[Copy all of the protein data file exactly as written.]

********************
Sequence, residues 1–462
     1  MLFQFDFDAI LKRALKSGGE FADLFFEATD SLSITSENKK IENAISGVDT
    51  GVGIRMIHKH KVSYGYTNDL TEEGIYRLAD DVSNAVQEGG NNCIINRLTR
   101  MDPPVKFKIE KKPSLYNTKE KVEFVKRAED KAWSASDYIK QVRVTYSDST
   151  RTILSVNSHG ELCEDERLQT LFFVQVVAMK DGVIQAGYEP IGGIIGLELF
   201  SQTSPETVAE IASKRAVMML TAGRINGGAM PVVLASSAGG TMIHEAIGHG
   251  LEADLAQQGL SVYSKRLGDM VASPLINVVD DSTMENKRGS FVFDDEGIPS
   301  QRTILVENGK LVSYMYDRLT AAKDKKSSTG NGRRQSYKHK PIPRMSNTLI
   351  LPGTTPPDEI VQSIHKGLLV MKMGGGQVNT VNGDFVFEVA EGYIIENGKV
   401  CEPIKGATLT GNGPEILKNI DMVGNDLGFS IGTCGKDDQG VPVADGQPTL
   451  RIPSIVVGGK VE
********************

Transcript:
Sequence, residues 1–462
     1  MLFQFDFDAI LKRALKSGGE FADLFFEATD SLSITSENKK IENAISGVDT
    51  GVGIRMIHKH KVSYGYTNDL TEEGIYRLAD DVSNAVQEGG NNCIINRLTR
   101  MDPPVKFKIE KKPSLYNTKE KVEFVKRAED KAWSASDYIK QVRVTYSDST
   151  RTILSVNSHG ELCEDERLQT LFFVQVVAMK DGVIQAGYEP IGGIIGLELF
   201  SQTSPETVAE IASKRAVMML TAGRINGGAM PVVLASSAGG TMIHEAIGHG
   251  LEADLAQQGL SVYSKRLGDM VASPLINVVD DSTMENKRGS FVFDDEGIPS
   301  QRTILVENGK LVSYMYDRLT AAKDKKSSTG NGRRQSYKHK PIPRMSNTLI
   351  LPGTTPPDEI VQSIHKGLLV MKMGGGQVNT VNGDFVFEVA EGYIIENGKV
   401  CEPIKGATLT GNGPEILKNI DMVGNDLGFS IGTCGKDDQG VPVADGQPTL
   451  RIPSIVVGGK VE